One of the best reasons that I can think of for using scanners today is for the storage of shapes that are in use by patients. Often, the plaster model is destroyed in the fabrication process. Scanning a plaster model prior to fabrication would allow easy storage of the shape, without the need for a room full of plaster models.

The idea that a scanned image of a raw patient shape is somehow more technically accurate than a hand cast cracks me up. Every time that a person comes in my door asking if we have computer scanning capabilities, it takes me about 2 minutes to explain why we don’t, and why those who advocate for this technology are toying with the consumer, suggesting that it is to their benefit that their socket be made from a scan. It takes very little effort to help patients see that the use of a scanner to take a cast is for the convenience of the prosthetist, not the patient.

I know I am sort of drifting from your original post, which was focused on 3D printing, but I believe that these two technologies go hand in hand. That 3D prosthesis has to fit onto the patient’s residual limb somehow. That implies a socket shape.

Warren R Mays, CPO

—–Original Message—–
From: Orthotics and Prosthetics List [mailto:[email protected]] On Behalf Of Lemaire, Ed
Sent: Wednesday, June 29, 2016 5:26 AM
To: [email protected]
Subject: [OANDP-L] 3D printing – response

3d-printing, or additive manufacturing, will continue to be in the news since it is cool technology that brings machining-manufacturing abilities to the masses. However, the road to direct competition with current manufacturing approaches in P&O may be longer than you think. Here are some items to consider:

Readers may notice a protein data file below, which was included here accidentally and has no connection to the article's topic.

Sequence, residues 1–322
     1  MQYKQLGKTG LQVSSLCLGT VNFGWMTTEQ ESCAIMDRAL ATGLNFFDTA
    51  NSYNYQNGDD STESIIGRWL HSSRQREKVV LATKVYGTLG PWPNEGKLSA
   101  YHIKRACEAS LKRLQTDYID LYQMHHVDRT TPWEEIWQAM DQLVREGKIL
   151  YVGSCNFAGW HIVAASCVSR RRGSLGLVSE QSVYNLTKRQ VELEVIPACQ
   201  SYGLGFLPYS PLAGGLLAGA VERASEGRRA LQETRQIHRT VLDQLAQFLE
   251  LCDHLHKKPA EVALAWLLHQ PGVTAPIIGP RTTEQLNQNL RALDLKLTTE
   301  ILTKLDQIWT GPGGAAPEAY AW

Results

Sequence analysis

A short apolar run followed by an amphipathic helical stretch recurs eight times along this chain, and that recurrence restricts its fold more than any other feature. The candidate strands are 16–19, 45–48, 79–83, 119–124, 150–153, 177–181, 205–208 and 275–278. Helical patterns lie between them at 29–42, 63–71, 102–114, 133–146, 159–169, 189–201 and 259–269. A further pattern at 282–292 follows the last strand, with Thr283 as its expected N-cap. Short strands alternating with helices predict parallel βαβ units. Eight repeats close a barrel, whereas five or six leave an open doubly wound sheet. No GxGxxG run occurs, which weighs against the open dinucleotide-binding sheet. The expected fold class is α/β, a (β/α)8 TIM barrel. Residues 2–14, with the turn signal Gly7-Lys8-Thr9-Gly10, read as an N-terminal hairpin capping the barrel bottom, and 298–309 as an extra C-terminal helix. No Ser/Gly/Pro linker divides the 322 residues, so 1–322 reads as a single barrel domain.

1)      3D printers relate to the technical craft, not the clinical. If clinicians continue to evolve and maintain the ability to make appropriate decisions that optimize function and comfort, this technology will be an advantage

a.      The same comments were made in the early 1990’s when CAD/CAM first came into P&O. The time will come when machines can make the correct decisions, but by then surgeons will also be replaced by robots.

2)      Current consumer 3D-printers replace well-constructed devices with cheap plastic models. Even with higher end 3D-printers using new materials,  problems persist in end-product quality when subjected to a range of peak and cyclic loading scenarios … as compared with parts produced using other manufacturing methods that can accommodate these loads